Tuesday, June 23, 2020

For decades, this Mississippi bluesman was mostly unknown

RL Burnside on the cover of his 1998 album, Come On In.  Burnside played music nearly his entire life, but didn't record until his 40s, and didn't find widespread acclaim until the 1990s, when he was already in his 60s.   

Maybe you were a fan of the TV show The Sopranos, during its 7 year run from the late 1990s until the mid 2000s.

I wasn't.

I didn't watch the show until I decided to binge-watch the entire thing, from beginning to end, last winter.  

One thing The Sopranos was known for, was the care they took in choosing the musical background for the various episodes. 

At the end of Season 5, Episode 3 ("Another Toothpick"), this surprising little ditty accompanied the closing credits.  

This is "Shuck Dub," a catchy, surreal techno tune from Delta blues singer and guitar player RL Burnside.  

The song (and the album on which it appears), is a collaboration between he and the producer Tom Rothrock, best known for working with rock musicians like Beck, Moby, Foo Fighters, and Motorhead.  

Burnside was 71 years old when this song was released.  I hadn't heard of him before and became curious about him.  He had a long career, for most of which he was unknown to the wider world outside of rural Mississippi.

Burnside playing at the 1982 World's Fair in Knoxville, Tennessee.

A Long Strange Trip

RL Burnside was born in 1926 in Lafayette County, Mississippi.  He began to play harmonica and guitar as a teenager, but didn't play live in public until he was 21 or 22.

He moved to Chicago in the late 1940s, looking for work.  He found jobs in factories, but experienced tragedy.  His father, two brothers, and two uncles were all murdered in the city within the span of one year.

He moved back south and married Alice Mae Taylor in 1949 or 1950, and they remained married the rest of his life.  Sometime around 1950, he murdered a man over a craps game, was convicted, but only spent six months in prison.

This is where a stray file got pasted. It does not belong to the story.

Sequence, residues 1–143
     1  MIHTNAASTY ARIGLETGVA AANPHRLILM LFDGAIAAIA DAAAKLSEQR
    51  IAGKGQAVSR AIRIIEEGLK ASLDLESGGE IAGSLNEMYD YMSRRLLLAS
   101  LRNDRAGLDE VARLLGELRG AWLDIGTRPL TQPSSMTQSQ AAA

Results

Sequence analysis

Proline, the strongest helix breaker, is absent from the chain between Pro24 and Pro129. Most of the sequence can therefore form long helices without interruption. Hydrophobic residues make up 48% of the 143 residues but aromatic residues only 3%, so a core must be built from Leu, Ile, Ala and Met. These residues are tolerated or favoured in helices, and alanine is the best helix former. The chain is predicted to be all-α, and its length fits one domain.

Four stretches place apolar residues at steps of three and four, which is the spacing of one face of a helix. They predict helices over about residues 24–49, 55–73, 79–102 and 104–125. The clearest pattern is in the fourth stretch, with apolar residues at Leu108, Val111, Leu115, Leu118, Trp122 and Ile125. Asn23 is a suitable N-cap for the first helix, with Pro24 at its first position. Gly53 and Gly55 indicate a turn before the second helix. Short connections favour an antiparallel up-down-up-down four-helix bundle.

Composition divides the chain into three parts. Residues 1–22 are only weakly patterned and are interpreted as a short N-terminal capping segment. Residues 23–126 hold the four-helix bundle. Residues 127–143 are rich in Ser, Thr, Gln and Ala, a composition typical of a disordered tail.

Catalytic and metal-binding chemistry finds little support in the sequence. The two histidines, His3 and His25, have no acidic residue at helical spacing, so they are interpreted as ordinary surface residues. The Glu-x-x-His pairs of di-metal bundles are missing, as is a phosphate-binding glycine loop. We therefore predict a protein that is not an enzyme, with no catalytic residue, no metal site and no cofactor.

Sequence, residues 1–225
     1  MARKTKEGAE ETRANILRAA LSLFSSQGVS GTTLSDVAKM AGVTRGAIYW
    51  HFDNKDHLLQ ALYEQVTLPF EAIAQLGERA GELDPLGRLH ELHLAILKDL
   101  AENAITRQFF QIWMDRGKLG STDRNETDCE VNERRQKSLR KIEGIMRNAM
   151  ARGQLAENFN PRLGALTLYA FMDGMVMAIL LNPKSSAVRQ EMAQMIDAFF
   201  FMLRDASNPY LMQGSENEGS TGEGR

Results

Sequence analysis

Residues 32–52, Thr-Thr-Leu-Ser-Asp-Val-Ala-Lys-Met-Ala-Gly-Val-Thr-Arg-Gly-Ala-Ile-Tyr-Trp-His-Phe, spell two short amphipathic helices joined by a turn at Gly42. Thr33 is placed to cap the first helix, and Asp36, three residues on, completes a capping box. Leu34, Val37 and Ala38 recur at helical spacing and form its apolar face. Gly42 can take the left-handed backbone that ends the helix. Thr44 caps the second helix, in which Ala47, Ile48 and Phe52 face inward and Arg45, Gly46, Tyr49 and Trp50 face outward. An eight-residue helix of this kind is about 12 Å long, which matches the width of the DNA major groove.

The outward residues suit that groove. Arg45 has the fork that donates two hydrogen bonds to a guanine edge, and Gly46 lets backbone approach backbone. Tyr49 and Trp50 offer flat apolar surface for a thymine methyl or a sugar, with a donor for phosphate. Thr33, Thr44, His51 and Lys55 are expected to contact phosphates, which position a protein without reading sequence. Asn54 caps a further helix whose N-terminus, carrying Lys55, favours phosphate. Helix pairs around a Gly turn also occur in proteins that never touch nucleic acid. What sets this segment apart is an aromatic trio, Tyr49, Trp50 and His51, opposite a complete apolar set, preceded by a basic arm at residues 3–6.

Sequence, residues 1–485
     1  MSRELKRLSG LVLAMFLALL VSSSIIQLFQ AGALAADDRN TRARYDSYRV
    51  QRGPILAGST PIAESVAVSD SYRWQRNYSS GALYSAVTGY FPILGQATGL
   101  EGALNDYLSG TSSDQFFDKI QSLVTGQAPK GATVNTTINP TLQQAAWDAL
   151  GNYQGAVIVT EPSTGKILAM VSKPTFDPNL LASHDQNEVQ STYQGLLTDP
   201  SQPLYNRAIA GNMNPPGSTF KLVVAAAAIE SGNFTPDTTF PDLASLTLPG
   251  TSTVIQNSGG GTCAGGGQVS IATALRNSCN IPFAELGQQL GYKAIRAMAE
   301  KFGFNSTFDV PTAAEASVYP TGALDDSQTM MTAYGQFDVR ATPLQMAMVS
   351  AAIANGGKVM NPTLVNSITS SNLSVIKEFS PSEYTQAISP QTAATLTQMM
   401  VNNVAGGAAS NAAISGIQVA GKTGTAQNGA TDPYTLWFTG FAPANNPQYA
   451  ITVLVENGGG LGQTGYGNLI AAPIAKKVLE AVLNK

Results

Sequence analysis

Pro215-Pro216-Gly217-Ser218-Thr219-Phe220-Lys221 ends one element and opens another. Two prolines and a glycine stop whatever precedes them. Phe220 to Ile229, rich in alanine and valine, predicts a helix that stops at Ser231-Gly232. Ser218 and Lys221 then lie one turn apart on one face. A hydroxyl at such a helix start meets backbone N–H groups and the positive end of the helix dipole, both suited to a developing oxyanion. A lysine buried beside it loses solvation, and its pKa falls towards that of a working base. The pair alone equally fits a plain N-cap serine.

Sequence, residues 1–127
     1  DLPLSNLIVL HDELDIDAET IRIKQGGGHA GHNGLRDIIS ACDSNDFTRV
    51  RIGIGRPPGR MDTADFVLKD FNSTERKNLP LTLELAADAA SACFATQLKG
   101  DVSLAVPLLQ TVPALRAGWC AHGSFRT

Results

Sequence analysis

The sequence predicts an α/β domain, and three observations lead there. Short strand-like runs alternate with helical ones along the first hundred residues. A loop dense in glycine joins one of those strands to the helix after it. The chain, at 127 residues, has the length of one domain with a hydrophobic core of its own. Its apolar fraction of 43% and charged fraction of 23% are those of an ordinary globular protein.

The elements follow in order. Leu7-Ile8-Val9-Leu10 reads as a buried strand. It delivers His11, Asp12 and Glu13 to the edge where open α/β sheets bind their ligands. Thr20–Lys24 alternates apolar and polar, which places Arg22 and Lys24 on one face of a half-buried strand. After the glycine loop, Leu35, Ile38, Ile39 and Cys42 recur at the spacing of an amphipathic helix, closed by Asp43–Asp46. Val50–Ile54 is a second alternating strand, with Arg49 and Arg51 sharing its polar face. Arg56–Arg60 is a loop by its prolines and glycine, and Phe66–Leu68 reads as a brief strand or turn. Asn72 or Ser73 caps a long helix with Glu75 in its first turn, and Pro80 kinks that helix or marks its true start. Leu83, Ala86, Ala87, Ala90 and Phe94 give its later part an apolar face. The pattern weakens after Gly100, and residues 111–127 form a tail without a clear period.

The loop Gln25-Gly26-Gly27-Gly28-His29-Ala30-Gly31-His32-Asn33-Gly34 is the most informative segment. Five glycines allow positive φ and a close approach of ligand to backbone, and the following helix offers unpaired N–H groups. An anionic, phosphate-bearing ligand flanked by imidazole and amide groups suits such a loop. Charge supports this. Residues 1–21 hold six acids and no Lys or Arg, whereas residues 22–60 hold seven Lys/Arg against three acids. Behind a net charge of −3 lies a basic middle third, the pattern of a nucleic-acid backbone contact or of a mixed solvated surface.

Of the murder, Burnside said, "I didn't mean to kill nobody. I just meant to shoot the sonofabitch in the head. Him dying was between him and the Lord."

After that, Burnside spent decades living in remote areas of northern Mississippi, working as a sharecropper, a fisherman, and a truck driver. He also played gigs at local nightclubs, house parties and festivals.

In 1967, music producer George Mitchell traveled through Mississippi, looking for local musicians to record. Burnside's first recordings were made by Mitchell, although they weren't released until years later.

In 1969, he traveled outside the United States for the first time, playing a blues program in Montreal with John Lee Hooker. In 1974, he played at the New Orleans Jazz & Heritage Festival. His reputation was growing, though he still remained largely unknown.

In 1978, folklorist Alan Lomax videotaped and recorded him for a TV documentary called The Land Where the Blues Began. Little of Burnside actually made it into the film.

This is "See My Jumper Hanging On The Line" from that footage, shot outside of Burnside's house:

Later Life & Fame

During the 1980s, when he was in his 50s, Burnside's career began to pick up dramatically.  His first album appeared on High Water Records in 1981, with his band Burnside's Sound Machine, a blues/funk band that included two of his sons and a son-in-law.

He began to tour Europe, and recorded albums for the Dutch record label Old Swingmaster, and the French label Arion.  He played frequently in New Orleans, and began to appear at major festivals.  By the mid-1980s he retired from farm work, and focused entirely on music.

In 1991, he signed with Oxford, Mississippi-based Fat Possum Records, and during the course of the decade, became their featured act.  This led to a collaboration with the Jon Spencer Blues Explosion, and the critically-acclaimed and commercially successful album A Ass Pocket of Whiskey.

Burnside's newfound success had him opening up for The Beastie Boys, and appearing on The Conan O'Brien Show.  Two of his songs appeared on The Sopranos 

By this time, however, he was already in declining health.  In 1999 he had heart surgery, and a heart attack in 2001 left him unable to tour.  He quit alcohol on doctor's orders, but felt this left him unable to play guitar anymore.  He had a second heart attack in 2002.

He made his last public appearance at the Bonnaroo Festival in 2004, and died of heart disease in 2005 at the age of 78.  He was survived by his wife (died 2008), 13 children, 35 grandchildren, and 32 great-grandchildren.


Above, Burnside in 1978 with his large extended family around him (not everyone looks thrilled to be there).  

The child drummer is possibly his future son-in-law, Calvin Jackson, who played drums on Burnside's Sound Machine recordings in the 1980s.